US 2244208 A
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Patented June 3, 1941 POLYMERIC MATERIAL John B. Miles, Jr., Wilmington,
Del assignor to It. I. du Pont do Nemoura & Company, Wilmington, Deb, a corporation of Delaware No Drawing. Application October Serial N0. 170,470
This invention relates to polymeric materials and more particularly to a method for modifying the properties of synthetic linear condensation polymers.
The polymers with which this invention is conand are of much greater utility in the preparation of fabrics, etc. The above patents state that ribbons, bands, films, sheets. and the like can also be prepared from the synthetic linear condensation polymers. Although the properties of the sheet materials are also greatly improved by cold drawing, it is a difiicult matter to cold draw these products, unless they are properly prepared and quite thin.
An object of this invention is to improve the properties of synthetic linear condensation polymers, particularly when in the form of ribbons, sheets, rods, and the like. Another object is to prepare objects having a high degree of molecular (crystallite) orientation from synthetic linear condensation polymers. Other objects will appear hereinafter.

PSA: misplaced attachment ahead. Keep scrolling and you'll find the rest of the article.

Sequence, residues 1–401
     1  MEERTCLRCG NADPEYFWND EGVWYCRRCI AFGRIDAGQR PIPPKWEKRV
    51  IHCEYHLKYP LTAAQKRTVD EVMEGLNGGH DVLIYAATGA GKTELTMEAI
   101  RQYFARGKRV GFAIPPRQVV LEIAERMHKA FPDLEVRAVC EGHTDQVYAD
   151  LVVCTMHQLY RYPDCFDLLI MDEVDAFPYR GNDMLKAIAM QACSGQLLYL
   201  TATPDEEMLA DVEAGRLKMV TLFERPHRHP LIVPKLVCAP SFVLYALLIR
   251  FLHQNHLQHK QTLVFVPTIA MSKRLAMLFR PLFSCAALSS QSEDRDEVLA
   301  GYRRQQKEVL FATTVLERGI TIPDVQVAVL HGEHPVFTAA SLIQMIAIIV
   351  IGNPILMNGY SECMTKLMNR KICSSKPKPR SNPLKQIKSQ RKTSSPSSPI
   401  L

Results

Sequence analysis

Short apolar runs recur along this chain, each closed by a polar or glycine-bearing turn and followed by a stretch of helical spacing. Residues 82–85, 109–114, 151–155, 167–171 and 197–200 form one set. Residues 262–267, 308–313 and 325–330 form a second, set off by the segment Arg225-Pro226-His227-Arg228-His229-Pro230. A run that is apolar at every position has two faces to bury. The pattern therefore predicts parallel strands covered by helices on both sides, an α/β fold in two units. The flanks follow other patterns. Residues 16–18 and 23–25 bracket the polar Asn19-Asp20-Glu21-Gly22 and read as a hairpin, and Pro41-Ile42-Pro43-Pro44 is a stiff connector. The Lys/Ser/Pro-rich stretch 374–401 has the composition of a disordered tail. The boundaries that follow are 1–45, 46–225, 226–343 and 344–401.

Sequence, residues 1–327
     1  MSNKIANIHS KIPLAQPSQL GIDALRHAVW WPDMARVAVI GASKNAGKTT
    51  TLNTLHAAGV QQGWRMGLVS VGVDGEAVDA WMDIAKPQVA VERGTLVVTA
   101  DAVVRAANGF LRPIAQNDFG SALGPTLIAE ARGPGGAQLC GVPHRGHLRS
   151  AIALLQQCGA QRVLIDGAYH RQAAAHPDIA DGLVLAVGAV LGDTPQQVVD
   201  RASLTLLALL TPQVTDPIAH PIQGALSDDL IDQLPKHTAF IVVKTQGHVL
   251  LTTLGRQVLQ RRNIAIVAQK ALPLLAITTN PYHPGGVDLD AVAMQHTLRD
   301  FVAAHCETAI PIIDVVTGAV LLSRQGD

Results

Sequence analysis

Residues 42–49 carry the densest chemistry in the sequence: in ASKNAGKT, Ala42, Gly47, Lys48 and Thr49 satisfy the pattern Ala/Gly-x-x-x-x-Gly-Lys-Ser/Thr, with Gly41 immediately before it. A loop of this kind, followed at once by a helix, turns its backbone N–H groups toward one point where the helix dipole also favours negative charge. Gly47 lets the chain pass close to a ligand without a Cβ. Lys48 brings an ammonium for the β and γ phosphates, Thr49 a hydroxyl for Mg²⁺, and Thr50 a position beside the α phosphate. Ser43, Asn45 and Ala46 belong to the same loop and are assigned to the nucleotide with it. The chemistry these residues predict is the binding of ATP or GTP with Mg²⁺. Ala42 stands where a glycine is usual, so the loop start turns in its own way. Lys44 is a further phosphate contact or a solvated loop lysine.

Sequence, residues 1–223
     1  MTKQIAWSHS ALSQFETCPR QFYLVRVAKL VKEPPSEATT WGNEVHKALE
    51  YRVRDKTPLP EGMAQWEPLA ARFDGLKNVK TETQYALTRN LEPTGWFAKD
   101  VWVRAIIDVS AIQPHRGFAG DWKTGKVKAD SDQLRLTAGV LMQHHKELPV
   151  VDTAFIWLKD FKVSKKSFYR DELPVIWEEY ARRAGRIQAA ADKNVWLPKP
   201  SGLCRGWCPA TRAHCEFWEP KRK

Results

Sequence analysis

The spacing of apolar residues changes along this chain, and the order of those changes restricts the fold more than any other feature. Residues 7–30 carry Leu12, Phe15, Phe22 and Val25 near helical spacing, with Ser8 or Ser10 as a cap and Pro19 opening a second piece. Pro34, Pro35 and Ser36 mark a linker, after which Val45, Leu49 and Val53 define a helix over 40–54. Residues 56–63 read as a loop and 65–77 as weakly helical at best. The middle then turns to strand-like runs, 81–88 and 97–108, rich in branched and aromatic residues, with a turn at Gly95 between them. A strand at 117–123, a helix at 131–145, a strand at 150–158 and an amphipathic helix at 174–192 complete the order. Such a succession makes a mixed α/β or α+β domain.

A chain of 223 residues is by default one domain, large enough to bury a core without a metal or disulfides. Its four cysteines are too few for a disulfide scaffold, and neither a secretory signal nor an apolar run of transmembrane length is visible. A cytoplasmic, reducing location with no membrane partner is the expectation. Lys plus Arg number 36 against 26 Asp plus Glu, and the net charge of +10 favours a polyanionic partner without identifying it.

I have now found that the properties of synthetic linear condensation polymers can I be greatly improved by subjecting them to cold working which for the purpose of this invention includes any mechanical process for applying compressive stress to the solid polymer whereby the polymer is caused to flow in a preferred direction. It includes such operations as milling or rolling, extrusion under high pressure through suitable orifices, die stamping, and die drawing. It does not include cold drawing in which tensile stress is used as the sole means for causing-the polymer to flow in a preferred direction, but does include processes in which cold drawing and cold working are applied simultaneously. The cold working of the polymer, preferably by cold rolling, can be applied to bulky polymer masses, which cannot be cold drawn satisfactorily. Thus, sheets can be cold drawn only with difliculty whereas I have found that they can be easily cold rolled into oriented products. Furthermore, cold rolling can produce a difierent type of orientation than cold drawing. as applied to filaments, because the forces being compressive instead of tensile can cause the material to flow in all directions perpendicular to the direction of the compressive force. The result is that in a cold rolled sheet the majority of the crystallites are so arranged that a given plane of the crystallites parallel to the long axis of the crystallite or molecule is substantially parallel to the surface of the sheet.